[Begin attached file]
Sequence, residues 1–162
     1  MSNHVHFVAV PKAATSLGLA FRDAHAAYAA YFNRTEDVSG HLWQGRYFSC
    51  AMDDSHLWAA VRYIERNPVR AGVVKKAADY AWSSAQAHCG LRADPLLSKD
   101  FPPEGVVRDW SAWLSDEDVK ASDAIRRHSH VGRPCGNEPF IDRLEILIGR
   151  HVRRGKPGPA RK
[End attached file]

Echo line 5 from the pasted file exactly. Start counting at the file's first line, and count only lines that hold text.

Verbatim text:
   151  HVRRGKPGPA RK